Hot dog(s), toast(s)

hunnyball_lector

Member
Serbian
Hello! I was wondering if it's okay to use possibly countable nouns that represent dishes/drinks as uncountable.

Ben likes hot dog. (Is it okay that I put it this way or do I have to say "Ben likes hot dogs"?)
This is chicken broth. (This sentence refers to the picture in which a plate of chicken broth is shown)
I like to eat toast with jam for breakfast.
 
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  • GreenWhiteBlue

    Senior Member
    USA - English
    As for the other two, you certainly can say "I like to eat toast with jam."
    "Kitchen broth" makes little sense in English. Beef broth (which can be uncountable) is broth made of beef, and chicken broth (which can be uncountable) is broth made of chicken -- but what is "kitchen broth"? A broth made of kitchens?:confused:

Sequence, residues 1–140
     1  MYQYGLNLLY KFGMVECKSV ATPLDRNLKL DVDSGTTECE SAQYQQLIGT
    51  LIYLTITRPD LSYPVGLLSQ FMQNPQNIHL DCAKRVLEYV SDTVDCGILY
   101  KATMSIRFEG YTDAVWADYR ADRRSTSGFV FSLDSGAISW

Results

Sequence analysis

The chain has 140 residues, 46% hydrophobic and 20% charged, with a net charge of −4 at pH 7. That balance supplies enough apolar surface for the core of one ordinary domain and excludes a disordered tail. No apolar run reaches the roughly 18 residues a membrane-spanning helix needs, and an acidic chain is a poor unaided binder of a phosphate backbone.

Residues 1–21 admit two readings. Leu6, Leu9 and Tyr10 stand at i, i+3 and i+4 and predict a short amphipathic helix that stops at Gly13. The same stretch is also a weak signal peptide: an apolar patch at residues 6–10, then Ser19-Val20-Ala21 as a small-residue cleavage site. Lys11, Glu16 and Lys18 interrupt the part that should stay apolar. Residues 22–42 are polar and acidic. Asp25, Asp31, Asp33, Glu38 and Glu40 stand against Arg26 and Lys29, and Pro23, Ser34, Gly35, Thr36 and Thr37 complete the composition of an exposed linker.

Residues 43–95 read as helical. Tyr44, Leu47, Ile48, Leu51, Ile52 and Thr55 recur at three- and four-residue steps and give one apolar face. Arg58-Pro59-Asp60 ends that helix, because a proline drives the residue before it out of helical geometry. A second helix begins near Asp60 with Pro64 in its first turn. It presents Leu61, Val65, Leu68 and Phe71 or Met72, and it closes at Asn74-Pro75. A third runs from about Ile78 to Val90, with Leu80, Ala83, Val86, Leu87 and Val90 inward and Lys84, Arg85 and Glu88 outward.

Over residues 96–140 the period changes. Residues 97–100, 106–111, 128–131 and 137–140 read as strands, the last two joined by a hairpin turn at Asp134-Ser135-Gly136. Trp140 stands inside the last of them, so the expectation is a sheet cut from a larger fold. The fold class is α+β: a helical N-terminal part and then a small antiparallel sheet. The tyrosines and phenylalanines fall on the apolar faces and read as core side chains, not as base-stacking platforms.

heypresto

    Senior Member
    English - England
    I don't know what 'kitchen broth', but 'broth' can be both countable and uncountable, depending on context.

    'Toast' is uncountable. So you won't see 'toasts'.
     

    Hercules Grytpype-Thynne

    Senior Member
    English - U.S.
    'Toast' is uncountable. So you won't see 'toasts'.
    Actually you will, but the usage is quite restricted. It's used to identify certain pre-packaged toasted snacks known in the food trade as "mini toasts". I've never seen "toast" (for "toasted bread", not for "words spoken before drinking") used as a countable noun except in this one context.
     
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